The first round of the 2020 NFL Draft finished with a bang when the Kansas City Chiefs selected former LSU running back Clyde Edwards-Helaire at pick 32. It was (and will be) a polarizing pick as the offseason moves forward — but it followed what the rest of the AFC West did with their first-round picks.
All three division foes used their initial draft selection to add to their offense — both for the short-term and long-term. But Chiefs general manager Brett Veach insisted that it didn’t change their plans for pick 32.
“I don’t know if it really affects our draft plan because I think we stick to just wanting to work on our team and our roster,” Veach claimed after Thursday night’s first round. “And I think having the opportunity to win a Super Bowl, I don’t think we’re competing against all 31 teams.”
It’s obvious why the teams that play the Chiefs twice a year wanted to strengthen their offense.
“Yeah, I think teams certainly, they have to score some points against us,” Veach remarked. “I think even if you have a really good defense, it’s hard to stop our offense. So, I think teams are certainly ready for a track meet when they play the Chiefs.”
These picks definitely increased the chance that future AFC West matchups are up-tempo, high-scoring affairs. Let’s look at what each team did:
First, the Chargers decided to stay put at pick six and obtain their quarterback of the future: former Oregon Duck Justin Herbert. The third quarterback taken in the draft looks the part of a franchise guy. His 6’6” 240-pound build is combined with good athleticism and an aesthetically-pleasing throwing motion — a prospect similar to Buffalo Bills quarterback Josh Allen.
Like Allen, Herbert has a chance to start for a team capable of going to the postseason — but would ideally need a very good supporting cast. Buffalo had that for Allen in 2019 — and the Chargers are working on it. Their defense is riddled with top-end talent, the receiving corps is star-studded — but they are lacking up front on the offensive line.
During his Oregon career, Herbert was fortunate enough to play with one of the best front-fives in college football — so out of the gate, the drop in pass protection may hinder him. Los Angeles did trade their second and third-round picks to trade up into a first round with plenty of talented offensive tackles remaining — but they instead opted to address their defense with former Oklahoma linebacker Kenneth Murray.
At the 12th overall selection, the Raiders used their first pick to get the player in the 2020 draft who is most like the Chiefs’ star receiver Tyreek Hill: Alabama wide receiver Henry Ruggs III. This was the kind of pick that would have made late Raiders owner Al Davis a happy man. Ruggs has blazing speed — shown by his 4.27 second 40-yard dash at the NFL combine — which, for him, was a disappointing time.
It’s obvious Raiders head coach Jon Gruden is getting jealous that his old friend — Chiefs head coach Andy Reid — gets to draw up plays with some of the fastest players in football. And if the Raiders want to win, they’ll need to score more than the 19 points they accumulated in their two 2019 matchups with the Chiefs.
The problem is that current Raiders starting quarterback Derek Carr isn’t known for his deep-ball ability — and in terms of average depth of target, is one of the most conservative quarterbacks in the NFL. It’s possible that the lack of a deep threat made him turn conservative, but only time will tell.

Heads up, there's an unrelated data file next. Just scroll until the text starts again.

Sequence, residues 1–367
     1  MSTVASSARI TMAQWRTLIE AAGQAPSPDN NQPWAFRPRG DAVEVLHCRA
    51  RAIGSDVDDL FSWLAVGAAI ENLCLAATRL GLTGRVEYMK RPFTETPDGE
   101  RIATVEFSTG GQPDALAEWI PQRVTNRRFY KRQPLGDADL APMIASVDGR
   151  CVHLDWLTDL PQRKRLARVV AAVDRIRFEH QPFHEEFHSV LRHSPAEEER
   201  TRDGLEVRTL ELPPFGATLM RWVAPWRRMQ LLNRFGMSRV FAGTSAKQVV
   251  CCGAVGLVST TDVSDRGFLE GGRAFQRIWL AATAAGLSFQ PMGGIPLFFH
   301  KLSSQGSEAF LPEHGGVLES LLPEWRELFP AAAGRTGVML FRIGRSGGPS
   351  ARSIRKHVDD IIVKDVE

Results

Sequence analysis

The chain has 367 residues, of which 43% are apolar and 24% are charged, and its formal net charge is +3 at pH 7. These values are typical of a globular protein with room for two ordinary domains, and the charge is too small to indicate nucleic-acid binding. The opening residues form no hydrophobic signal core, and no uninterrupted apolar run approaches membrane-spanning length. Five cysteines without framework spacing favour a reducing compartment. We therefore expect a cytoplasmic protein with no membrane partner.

The Raiders used their second first-round selection to pick up former Ohio State cornerback Damon Arnette — a player who has good tools but lacks long speed. That may come back to bite them when he’s covering someone wearing the red and gold uniform of the Legion of Zoom.
Meanwhile, the Denver Broncos selected an offensive weapon that will bring immediate results: Alabama wide receiver Jerry Jeudy, who many evaluators identified as the top receiver in the class. You won’t need to wait to see Jeudy produce.
He excels in route running, with explosive cuts and stop-on-a-dime quickness that allows him to get open from any receiver position. For his playing style, he has unique length and overall size — and fits really well into a top-heavy group of Denver playmakers:
Emerging star receiver Courtland Sutton will make his money, catching passes at the intermediate to deep levels of the field. Second-year tight end Noah Fant’s athleticism will continue to allow him to find success at all levels in the middle of the field. Jeudy will be able to get open close to the line of scrimmage in short-area situations — and do it from the slot or the outside. He will be a welcomed, reliable target for second-year gunslinger Drew Lock.
While all three of the big-name offensive players taken in the rest of the division look like impactful players for the future, Veach sounded pretty confident about how quickly Edwards-Helaire will produce, too.
“We don’t want that learning curve to be so steep,” he explained. “Clyde was a guy with high football IQ, high football character, dynamic playmaker, can step in right away, have him under contract for five years.”
Just when the three other AFC West teams thought they had improved their chances at keeping up with Kansas City’s offense, the Chiefs’ signing of Edwards-Helaire sprinkled a few more points onto their per-game total against division teams — which should help them tighten their grip on the AFC West.